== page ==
CINCINNATI — It's a sport you wouldn't expect to see on the list of extracurricular activities at a school, but Forest Hills School District students were lining up — even auditioning — to become part of the Forest Hills esports team.
Esports — short for electronic sports — refers to online competitive gaming, a growing hobby with its own formal leagues, tournaments and enthusiastic fans. Forest Hills' team will compete against others from across Ohio in games like "Super Smash Brothers" and "Overwatch."
"We know that video games sometimes are looked at as something that might be not purposeful, so we wanted to make it purposeful," said technology teaching and learning support specialist Adam Samuels.
The Forest Hills esports team is made up of 25 Turpin and Anderson High School students who all have different interests in life. Turpin High School freshman Jordan Hardt wants to become a doctor, and said that being part of the esports team can help him get there in more ways than one.
"If I ever go into surgery... it's more about finite movements and making sure that it's really miniscule," said Hardt. "It's millimeters they go by, and you just have to have that steady hand."
Hardt added that playing these video games competitively against others helps him learn about overcoming defeat.
In addition to gaining skills, students have the chance to get scholarships from participating.
"In esports Ohio, the league we're in, we have different colleges reaching out to players and to us as coaches," said Samuels. "There are scholarships upwards of $8,000 a year, so there are some big scholarships out there. A couple of players have already had coaches reach out to them from those colleges."
It's more than just video games. The team engages in many career-connected activities and skills, ranging from graphic design to public speaking. Many of the computers the team competes on were built by students, increasing the chances of scholarship opportunities as well.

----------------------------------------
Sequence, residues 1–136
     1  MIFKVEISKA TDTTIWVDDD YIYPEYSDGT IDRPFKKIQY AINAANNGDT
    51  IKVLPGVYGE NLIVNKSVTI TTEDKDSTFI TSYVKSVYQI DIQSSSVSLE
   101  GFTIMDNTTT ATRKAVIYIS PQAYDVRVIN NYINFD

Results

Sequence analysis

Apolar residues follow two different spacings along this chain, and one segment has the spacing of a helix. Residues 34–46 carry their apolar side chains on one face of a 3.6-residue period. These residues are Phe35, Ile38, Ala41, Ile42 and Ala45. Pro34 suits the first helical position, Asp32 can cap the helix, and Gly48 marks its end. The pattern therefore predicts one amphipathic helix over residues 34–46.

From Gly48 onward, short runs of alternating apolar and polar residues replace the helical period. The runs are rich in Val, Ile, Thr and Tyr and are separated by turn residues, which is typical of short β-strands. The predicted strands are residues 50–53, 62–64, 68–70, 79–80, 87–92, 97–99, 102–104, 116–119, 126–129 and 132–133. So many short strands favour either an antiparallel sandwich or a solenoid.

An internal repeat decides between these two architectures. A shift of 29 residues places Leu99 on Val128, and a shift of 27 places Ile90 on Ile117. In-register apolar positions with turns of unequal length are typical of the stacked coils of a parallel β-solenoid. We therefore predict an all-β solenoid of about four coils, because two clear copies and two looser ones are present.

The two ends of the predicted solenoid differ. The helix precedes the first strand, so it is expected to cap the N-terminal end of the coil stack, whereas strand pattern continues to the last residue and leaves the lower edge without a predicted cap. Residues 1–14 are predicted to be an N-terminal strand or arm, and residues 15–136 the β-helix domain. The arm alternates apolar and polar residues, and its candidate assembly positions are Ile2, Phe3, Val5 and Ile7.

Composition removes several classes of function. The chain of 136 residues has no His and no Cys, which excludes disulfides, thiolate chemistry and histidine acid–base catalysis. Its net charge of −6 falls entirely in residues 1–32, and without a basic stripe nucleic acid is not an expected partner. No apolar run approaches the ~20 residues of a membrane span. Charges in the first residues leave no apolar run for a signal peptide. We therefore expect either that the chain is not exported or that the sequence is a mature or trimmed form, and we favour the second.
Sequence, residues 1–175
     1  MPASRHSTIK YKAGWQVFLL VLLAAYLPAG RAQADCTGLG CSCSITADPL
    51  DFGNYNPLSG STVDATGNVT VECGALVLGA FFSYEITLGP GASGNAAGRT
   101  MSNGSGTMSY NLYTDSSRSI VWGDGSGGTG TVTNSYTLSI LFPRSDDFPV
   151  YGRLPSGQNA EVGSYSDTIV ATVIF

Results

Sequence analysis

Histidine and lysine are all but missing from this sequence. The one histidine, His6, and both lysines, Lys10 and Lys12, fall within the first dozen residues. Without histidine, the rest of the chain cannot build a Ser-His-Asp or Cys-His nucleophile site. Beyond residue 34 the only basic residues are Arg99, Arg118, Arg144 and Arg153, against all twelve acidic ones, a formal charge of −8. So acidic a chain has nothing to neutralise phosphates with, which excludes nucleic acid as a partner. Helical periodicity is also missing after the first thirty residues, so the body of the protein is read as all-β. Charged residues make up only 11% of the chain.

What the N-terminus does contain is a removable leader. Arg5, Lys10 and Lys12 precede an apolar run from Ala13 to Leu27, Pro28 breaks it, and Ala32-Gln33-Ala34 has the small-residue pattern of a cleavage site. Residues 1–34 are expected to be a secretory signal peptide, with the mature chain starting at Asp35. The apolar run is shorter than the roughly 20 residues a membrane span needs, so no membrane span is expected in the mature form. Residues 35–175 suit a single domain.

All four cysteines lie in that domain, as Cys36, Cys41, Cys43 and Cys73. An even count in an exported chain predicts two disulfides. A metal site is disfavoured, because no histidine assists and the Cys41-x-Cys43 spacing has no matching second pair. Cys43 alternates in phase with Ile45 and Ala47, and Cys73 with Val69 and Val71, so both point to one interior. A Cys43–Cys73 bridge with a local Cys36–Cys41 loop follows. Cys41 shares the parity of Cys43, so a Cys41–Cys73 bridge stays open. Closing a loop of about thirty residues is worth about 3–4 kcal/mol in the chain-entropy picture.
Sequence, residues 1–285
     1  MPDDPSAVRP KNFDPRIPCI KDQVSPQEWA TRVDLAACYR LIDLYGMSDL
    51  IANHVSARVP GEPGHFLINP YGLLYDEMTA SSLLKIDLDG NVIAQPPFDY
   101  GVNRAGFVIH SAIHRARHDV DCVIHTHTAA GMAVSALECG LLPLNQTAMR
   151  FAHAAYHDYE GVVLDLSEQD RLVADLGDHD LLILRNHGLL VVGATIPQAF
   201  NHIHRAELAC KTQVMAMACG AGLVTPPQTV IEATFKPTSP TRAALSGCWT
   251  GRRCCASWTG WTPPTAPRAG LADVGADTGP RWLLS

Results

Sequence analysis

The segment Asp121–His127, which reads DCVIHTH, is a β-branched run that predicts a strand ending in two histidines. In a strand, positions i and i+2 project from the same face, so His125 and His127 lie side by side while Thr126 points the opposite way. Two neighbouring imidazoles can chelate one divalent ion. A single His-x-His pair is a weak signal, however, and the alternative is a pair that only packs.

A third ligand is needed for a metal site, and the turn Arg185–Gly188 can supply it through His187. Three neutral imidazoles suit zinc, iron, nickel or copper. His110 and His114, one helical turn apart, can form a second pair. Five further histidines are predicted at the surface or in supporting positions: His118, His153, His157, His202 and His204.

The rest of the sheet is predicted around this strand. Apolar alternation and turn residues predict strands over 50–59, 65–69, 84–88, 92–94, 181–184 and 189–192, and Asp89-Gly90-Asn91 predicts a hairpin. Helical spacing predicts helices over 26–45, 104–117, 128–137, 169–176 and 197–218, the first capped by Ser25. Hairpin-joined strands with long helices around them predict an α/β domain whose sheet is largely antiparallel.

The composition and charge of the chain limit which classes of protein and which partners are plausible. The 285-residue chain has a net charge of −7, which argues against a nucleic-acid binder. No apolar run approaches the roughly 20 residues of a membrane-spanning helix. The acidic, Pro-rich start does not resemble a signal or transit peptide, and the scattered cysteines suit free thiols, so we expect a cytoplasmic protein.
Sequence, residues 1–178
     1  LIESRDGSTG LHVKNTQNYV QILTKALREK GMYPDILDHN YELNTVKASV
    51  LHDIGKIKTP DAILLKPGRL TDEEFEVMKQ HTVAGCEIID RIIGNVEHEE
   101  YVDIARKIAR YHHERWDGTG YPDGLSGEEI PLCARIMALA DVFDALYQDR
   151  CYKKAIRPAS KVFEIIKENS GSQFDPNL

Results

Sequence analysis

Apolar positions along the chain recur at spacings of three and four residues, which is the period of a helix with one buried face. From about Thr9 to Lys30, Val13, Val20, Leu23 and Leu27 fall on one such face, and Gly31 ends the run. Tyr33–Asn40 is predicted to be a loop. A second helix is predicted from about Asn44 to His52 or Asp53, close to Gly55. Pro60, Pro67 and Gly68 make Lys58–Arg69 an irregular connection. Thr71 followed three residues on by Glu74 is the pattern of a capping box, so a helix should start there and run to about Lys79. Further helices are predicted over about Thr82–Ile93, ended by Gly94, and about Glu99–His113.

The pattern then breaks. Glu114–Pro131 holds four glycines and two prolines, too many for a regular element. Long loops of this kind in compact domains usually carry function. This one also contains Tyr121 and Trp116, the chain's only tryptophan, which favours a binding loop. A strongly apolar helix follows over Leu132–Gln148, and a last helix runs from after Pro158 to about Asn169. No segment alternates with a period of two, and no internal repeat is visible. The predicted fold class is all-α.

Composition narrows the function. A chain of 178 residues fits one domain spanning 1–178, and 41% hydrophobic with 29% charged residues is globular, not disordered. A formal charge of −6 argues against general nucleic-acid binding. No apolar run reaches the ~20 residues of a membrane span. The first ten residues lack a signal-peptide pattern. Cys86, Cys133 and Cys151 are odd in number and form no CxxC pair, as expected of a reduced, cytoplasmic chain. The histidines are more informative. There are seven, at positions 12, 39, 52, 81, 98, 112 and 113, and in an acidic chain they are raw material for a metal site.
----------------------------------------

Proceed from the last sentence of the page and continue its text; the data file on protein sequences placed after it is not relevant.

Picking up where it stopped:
"We wanted them to engage in skills that could help them be successful in their future," added Samuels. "So we looked at it. Since they're building computers, we have students using Illustrator to do graphic design, and we have them getting into marketing and the commentary kind of thing with a streaming we do online."
According to Samuels, Syracuse University expects that by 2021, esports will be the second most viewed professional sport with 84 million viewers. Another big factor into that statistic, is that other more mainstream sports come at a cost.
"A lot of students we've noticed with sports and physicality, those are barriers to not wanting to participate in sports potentially," said Samuels. "We know costs are high now with pay to play, so esports is an opportunity we can offer at a low cost, giving students possibly their first experience of doing team sports."
Students have been home and social distancing due to COVID-19, but they are ready for the club to start back up next school year.
"With times evolving, society is trying to learn to accept the fact that this is the next sports that we will have," said Turpin High School senior Maura Cueto. "It's interesting to see how people will react."